Asbestos traces on roof

The Rise and Fall of Asbestos

Asbestos was popular for many years, it was a cheap option that provided copious benefits within the construction industry. However, this material has its downfalls too, this post should help you to learn a bit more about what this material is and learn about its rise and fall.

What Actually is Asbestos?

Asbestos is the name of a group of minerals made of microscopic fibres, these fibres are used to be used as insulation in buildings whether that is in the ceilings, flooring or walls. However, it was found that when these fibres were inhaled it could be extremely harmful to people’s health. So, in 1985, the use of blue and brown asbestos was banned and by 1999 it was all banned completely.

The History of Asbestos

It is thought that the first uses of asbestos were as early as 4000 BC but it was used in a very different way. At this time it may have been used in things such as candle wicks. Asbestos wasn’t really used to strengthen materials though until about 4500 years ago, where people in Finland used it to strengthen pots and cooking utensils.

Although asbestos was around for a very long time, it didn’t become popular on an industrial level until the mid-1800s. This is when asbestos mining became a common practice so it could be used in railways, ships and constriction industries. During this time nobody knew about its harmful effects, it wasn’t until the beginning of the 1990s that this was discovered. Despite their findings of the fatal effects, nothing changed, in fact, asbestos importation actually continued to rise until it reached its peak in the 1970s. The government decided at this point that it was too dangerous to be using, so by 1985 asbestos in the UK started to become prohibited to use.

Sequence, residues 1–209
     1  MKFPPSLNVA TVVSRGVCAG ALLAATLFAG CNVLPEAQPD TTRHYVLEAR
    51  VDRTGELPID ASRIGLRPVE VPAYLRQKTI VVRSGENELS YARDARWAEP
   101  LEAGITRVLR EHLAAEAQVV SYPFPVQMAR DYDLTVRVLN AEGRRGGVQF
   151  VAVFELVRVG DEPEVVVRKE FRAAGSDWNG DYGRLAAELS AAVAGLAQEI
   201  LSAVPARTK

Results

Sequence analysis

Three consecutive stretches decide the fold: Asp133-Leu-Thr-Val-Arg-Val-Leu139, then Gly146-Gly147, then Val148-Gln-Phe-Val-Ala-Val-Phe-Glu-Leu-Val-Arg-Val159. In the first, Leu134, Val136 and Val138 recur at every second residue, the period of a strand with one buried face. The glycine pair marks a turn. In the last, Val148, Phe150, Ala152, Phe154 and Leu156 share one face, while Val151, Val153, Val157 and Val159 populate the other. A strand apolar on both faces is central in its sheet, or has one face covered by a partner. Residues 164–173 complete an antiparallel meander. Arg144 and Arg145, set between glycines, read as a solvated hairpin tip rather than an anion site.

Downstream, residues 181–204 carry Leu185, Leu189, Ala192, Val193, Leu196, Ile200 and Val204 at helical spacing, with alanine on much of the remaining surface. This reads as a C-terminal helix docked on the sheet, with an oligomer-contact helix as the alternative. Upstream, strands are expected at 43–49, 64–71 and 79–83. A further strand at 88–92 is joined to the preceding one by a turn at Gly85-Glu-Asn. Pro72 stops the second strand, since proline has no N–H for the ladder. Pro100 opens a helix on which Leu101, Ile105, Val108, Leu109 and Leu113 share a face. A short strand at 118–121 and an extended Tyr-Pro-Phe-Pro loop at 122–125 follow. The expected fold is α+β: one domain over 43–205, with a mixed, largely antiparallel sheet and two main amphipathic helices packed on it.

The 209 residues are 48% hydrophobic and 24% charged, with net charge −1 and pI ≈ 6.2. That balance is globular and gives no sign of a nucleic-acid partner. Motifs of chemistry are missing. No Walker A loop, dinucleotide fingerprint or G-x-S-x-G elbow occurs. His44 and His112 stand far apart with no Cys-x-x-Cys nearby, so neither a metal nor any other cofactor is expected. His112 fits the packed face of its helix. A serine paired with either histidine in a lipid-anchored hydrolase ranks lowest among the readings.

Why is it Dangerous?

During the 1920s around 20,000 tonnes of asbestos was imported into the UK, at this time no one knew of its harmful effects. However, it was later found that asbestos can be extremely dangerous to people’s health. 

Every year asbestos kills around 5,000 people, this number is higher than the number of people killed in road accidents. The people most at risk are those who work to remove this material from homes, although the material is no longer used, that doesn’t mean that it isn’t still around. If your house was built before the year 2000, your home may contain asbestos. 

Asbestos can cause many serious and fatal diseases, these could include, mesothelioma, Asbestos-related lung cancer, asbestosis or pleural thickening. People who work with asbestos are obviously going to be at a higher risk of developing diseases, however, they have been highly trained to handle it safely. Attempting to remove asbestos in your home by yourself can be extremely dangerous and getting a professional in is always the best idea.

Contact Us

If you suspect that your home or business might contain asbestos then give us a call. Our professional team is trained to carry out surveys that determine the level of asbestos in your property and help you to decide on the following steps that should be taken. Give us a call 0116 288 8256 or fill out our online contact form to arrange your survey.